Arbinet Deals a Strong Q4
The New Brunswick, N.J., company earned a quarterly profit of $2.5 million, or 11 cents per pro forma diluted share, on revenues of $12.5 million, compared with earnings of $1.3 million, or 6 cents per pro forma diluted share, on revenues of $8.9 million in the year earlier period.
The company’s net income was $6 million before the subtraction of various legal expenses and shareholder charges for GAAP reasons. Arbinet's numbers still bested analysts' expectations of 6 cents per share, according to Thomson First Call.
Arbinet acts as a matchmaker for telephone companies around the world that either want to buy or sell network bandwidth for voice or data. Once a buyer/seller agreement has been made, Arbinet routes the calls to the seller's network, and pays the seller itself within 15 days of the sale. An insurer covers the risk of it not being paid, CEO Curt Hockemeier says.
“We improve their back office costs and there are no payment disputes,” Hockemeier says. “We make that go away.”
The company traded more than 3 billion minutes of voice time among its 360 participating carriers, an increase of 40 percent over the year-ago quarter.
“Arbinet represents an interesting growth opportunity in the communication capacity trading space, with virtually no competitors," says Merrill Lynch & Co. Inc. analyst Greg Smith. "We believe Arbinet’s financial model will scale quickly over the next few years."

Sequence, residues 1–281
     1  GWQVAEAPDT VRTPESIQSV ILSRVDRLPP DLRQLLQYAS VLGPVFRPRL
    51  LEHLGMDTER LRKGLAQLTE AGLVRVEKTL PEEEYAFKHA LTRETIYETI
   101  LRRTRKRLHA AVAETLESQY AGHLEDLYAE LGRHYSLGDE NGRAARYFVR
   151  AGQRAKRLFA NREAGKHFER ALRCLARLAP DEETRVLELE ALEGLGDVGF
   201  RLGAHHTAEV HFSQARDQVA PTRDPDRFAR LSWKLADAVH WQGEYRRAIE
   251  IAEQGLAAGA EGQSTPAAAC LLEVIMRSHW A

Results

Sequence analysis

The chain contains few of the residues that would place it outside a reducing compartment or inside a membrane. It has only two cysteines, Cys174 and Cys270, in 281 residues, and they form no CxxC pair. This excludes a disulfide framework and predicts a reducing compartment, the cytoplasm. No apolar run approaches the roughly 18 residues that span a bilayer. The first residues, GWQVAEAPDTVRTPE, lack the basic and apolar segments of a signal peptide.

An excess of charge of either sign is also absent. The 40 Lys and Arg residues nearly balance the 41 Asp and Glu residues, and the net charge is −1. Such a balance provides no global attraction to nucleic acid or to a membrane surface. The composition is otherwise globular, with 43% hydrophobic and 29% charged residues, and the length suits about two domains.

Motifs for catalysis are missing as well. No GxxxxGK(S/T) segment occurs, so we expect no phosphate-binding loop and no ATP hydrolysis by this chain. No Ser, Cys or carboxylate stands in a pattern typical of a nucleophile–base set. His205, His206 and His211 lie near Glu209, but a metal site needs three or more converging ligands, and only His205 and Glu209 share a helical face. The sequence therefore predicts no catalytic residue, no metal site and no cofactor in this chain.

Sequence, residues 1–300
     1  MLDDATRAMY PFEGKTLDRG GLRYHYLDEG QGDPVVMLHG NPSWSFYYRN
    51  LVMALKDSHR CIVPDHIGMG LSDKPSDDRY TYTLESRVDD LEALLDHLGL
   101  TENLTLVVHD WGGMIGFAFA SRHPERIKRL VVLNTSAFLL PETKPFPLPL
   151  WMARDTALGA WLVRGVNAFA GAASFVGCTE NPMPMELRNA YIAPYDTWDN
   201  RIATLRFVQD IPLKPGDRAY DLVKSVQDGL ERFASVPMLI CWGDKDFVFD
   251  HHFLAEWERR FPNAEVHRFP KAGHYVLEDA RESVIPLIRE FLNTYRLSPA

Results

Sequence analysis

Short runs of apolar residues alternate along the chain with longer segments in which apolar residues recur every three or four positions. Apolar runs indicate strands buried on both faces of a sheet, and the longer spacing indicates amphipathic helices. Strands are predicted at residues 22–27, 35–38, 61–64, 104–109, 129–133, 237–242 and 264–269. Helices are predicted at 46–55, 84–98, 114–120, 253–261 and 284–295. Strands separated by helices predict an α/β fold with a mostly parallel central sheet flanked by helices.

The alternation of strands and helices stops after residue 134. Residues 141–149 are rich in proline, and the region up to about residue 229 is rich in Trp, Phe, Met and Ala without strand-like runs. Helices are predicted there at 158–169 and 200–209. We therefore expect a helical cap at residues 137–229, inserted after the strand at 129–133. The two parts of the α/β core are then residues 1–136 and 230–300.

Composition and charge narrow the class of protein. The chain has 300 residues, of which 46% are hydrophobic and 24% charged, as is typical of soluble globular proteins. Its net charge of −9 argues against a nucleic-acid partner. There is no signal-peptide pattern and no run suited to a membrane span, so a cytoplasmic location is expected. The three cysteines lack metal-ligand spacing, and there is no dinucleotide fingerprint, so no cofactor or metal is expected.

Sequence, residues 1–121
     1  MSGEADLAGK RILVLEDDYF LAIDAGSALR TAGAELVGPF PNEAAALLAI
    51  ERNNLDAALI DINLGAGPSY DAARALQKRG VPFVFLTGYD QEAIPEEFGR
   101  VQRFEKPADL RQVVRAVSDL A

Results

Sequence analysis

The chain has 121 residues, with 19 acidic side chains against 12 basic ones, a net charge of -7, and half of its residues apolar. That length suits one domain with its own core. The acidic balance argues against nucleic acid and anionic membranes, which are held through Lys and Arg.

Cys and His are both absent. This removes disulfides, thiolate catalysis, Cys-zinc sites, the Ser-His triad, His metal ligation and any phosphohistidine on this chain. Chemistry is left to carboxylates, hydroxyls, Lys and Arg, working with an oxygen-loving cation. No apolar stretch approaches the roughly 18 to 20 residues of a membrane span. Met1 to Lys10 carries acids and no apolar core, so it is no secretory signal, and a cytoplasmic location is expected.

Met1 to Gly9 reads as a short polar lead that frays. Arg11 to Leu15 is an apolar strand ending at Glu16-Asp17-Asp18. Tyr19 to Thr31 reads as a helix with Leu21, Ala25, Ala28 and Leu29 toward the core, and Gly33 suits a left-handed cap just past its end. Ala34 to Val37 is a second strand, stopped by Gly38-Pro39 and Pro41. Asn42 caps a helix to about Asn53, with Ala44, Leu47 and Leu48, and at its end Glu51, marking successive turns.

Merrill Lynch analysts had expected revenues of $12.3 million for the quarter. Analysts' consensus revenue expectations were unavailabe, partly because only a few firms have initiated coverage on Arbinet. Arbinet CFO John Roberts says the higher-than-expected fees came from increased carrier trading activity at Arbinet’s exchange over the last two quarters of 2004, apparently to meet sales expectations.
Roberts wouldn't give guidance numbers for Arbinet’s performance next quarter, but said he expects to see revenues of between $58 million and $64 million, and earnings of between 19 cents and 23 cents per share, for full-year 2005. Merrill Lynch analysts expect Arbinet’s fee revenue to be $13.4 million next quarter and $61.4 million for full-year 2005.
Roberts says that, as of yet, very little of Arbinet’s fees come from companies buying or selling bandwidth for data traffic, while the voice business alone has seen 45 percent annualized growth over the last seven months.
Roberts says nine of the 10 largest international telephone carriers now participate at Arbinet’s exchange.
Arbinet stock was trading down 57 cents at $25.47 in midday trading Friday.
— Mark Sullivan, Reporter, Light Reading